How To Support Your Friend Going Through A Miscarriage
An estimated 1 in 3 women will experience a miscarriage in their life, but knowing that pregnancy loss is widespread doesn’t make it any less complex or painful.
You may have experienced pregnancy loss firsthand, but even if you haven’t, you likely know someone who has. In these situations, it can be difficult and awkward to know how to support your friend going through a miscarriage, but a few simple directions can guide you through how to be the support system your grieving friend needs at a time like this.
You might automatically assume that your friend is sad, though sad seems like such a small word and a small feeling for what’s likely an overwhelming loss. Following a miscarriage, your friend may be feeling a crushing sense of guilt or even anger. All emotions, even a feeling of numbness or no emotion at all, are understandable and to be expected following something like this. Even if you’ve experienced a pregnancy loss yourself or have experience with navigating grief and tuning in to emotions, don’t assume that you know exactly how your friend feels. They might not even know how they’re feeling, but it’s not your job or your responsibility to figure that out for them.
Let Her Lead
It’s tempting, especially if you know your friend well, to believe that you know what’s best for her and come into her space following a tragedy like this with guns blazing. You might think getting her out of the house or out of bed is the best thing for her. But follow her lead rather than dictating your own opinions of what would benefit her best.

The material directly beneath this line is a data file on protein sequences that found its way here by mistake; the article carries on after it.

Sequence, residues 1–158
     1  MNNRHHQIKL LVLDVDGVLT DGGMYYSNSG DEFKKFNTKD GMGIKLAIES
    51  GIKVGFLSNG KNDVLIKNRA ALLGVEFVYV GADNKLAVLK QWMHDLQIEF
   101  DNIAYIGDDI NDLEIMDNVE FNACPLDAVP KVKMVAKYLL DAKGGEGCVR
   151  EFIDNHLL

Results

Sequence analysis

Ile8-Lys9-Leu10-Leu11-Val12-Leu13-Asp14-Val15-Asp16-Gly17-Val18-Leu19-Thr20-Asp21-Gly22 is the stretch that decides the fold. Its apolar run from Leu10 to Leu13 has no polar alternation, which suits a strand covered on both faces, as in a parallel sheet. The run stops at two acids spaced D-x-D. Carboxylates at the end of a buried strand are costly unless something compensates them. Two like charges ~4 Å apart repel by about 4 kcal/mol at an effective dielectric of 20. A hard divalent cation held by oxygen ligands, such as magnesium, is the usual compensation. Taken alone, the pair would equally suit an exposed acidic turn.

If you want to boss someone around, ask other friends to make grocery trips or run other errands. Stay with your friend and let her behavior dictate how you react. She may want to stay at home for a few days. She may want to get out and distract herself. If she's unsure of what to do, ask specific questions; broad, unspecific questions might overwhelm her. Ask: Can I go put gas in your car? Can I take you for coffee after going to the doctor? Can I get you Chinese or Indian food later? Her answers should direct what your next course of action will be.
Listen – or Learn How To
It can be extremely hard to know what to say to a friend who’s grieving, especially because trying to comfort a grieving person can be awkward and unwieldy. You’re afraid of saying the wrong thing, but you might make things worse by not saying anything at all. One pregnancy loss researcher studied couples who had undergone a miscarriage and found that these couples were most hurt and confused when people refused to acknowledge the miscarriage at all rather than offer their condolences and well wishes.